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Combating drug resistance through better governance of informal antibiotic sellers in Cambodia

Combating drug resistance through better governance of informal antibiotic sellers in Cambodia

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There is little research on informal health care providers and their role as sellers of antibiotics. We investigated invisible medicine sellers (IMS) in Cambodia, seeking to better understand the health system gaps they fill, features that allow them to become trusted health providers, and their knowledge of antibiotics. This project is funded by a MRC  Joint Health Systems Research Initiative Foundation Grant. 

About this project
AMR and Unregulated Medicine Sellers in Cambodia about 2 columns
AMR and Unregulated Medicine Sellers in Cambodia about
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What were our research questions?

1. Which providers do communities in peri-urban Phnom Penh buy medicines from & what influences their choice of provider?

2. Do people buy antibiotics from unlicensed/invisible drug sellers?

3. What drives irrational use of antibiotics by different healthcare providers?

4. What are policymakers’ views on addressing irrational use of antibiotics by private drug sellers?

What is an invisible medicine seller (IMS)?

Within the private sector, there are formal and informal providers: visible health care providers (HCPs), who provide health services within in a physical space that is signposted and designed for health services, and invisible HCPs, who provide health services without having a marked and specifically designated outlet for this purpose. We define the latter as IMS. 

What is an invisible seller?

Why do they matter?

Dispensing of medicines without establishing clinical need poses a risk to patients- and this inappropriate provision of antibiotics is of major global concern due to the scale of morbidity and mortality that is predicted to be caused by antimicrobial resistance (AMR). 

Thought there are clear laws in Cambodia surrounding the distribution and dispensation of medicines, antibiotics are often readily available and used without a prescription (and are sometimes counterfeit). This is a major challenge in combating AMR in Cambodia- and across the globe.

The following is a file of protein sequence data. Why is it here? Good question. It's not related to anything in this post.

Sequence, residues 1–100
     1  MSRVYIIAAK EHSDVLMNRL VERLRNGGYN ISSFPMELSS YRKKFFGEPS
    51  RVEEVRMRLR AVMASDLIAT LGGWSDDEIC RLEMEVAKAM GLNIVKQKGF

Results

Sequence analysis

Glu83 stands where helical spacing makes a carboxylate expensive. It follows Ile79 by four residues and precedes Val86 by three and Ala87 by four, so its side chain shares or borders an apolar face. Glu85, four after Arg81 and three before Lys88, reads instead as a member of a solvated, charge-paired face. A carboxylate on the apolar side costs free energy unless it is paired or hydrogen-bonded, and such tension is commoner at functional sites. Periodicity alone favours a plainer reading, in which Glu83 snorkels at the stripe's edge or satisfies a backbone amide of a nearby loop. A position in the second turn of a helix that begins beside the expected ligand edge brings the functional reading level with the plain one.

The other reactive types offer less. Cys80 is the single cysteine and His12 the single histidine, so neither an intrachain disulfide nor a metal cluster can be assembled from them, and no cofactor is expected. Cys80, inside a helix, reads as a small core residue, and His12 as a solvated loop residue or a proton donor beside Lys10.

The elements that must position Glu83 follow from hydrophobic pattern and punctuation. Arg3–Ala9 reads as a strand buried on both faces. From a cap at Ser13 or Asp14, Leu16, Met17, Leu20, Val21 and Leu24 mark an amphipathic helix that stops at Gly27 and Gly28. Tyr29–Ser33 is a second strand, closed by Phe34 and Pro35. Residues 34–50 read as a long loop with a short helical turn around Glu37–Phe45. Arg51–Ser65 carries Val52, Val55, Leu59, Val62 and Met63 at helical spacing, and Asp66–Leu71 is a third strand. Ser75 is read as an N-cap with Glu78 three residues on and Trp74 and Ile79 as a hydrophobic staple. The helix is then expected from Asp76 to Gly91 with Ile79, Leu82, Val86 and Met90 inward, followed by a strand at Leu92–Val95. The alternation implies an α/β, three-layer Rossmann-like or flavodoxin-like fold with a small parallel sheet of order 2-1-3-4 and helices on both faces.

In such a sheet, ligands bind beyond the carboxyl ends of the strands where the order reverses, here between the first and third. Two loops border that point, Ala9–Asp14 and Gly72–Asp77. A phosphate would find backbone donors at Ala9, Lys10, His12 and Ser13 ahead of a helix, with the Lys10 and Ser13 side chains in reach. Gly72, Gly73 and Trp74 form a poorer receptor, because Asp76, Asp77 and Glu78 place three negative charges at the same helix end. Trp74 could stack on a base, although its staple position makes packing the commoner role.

Our work mapping all the registered pharmacies and hospitals across the 12 districts of Phnom Penh reveals stark geographical inequalities in the distribution of pharmacies. The peripheral districts have a much lower density of registered pharmacies and hospitals compared with the central districts. For example, only seven registered pharmacies are located in the Por Senchey district despite this area having a population of approximately 185 000 people; each pharmacy in Por Senchey must serve approximately 26 000 people and cover 23 square kilometres. In contrast, the centrally located district of Prampir Meakkakra has 18 registered pharmacies, with one pharmacy every 0.1 square kilometres.

 

Map of registered pharmacies in Phnom Penh
Sen Sok (1), Por Senchey (2), Dangkao (3), Chbar Ampov (4), and inset of central districts, including Prampir Meakkakra

 

Who we are

We are a team of collaborators from the London School of Hygiene & Tropical Medicine, and the University of Health Sciences who share a passion for reducing health inequalities in Cambodia, and across the globe.  We bring together an array of diverse skills and experience, across the fields of public health, health systems, pharmacy, and health policy. 

Profiles

Sonia
Rego

Research Fellow

Dr. Saphonn Vonthanak

Rector (MD, PhD)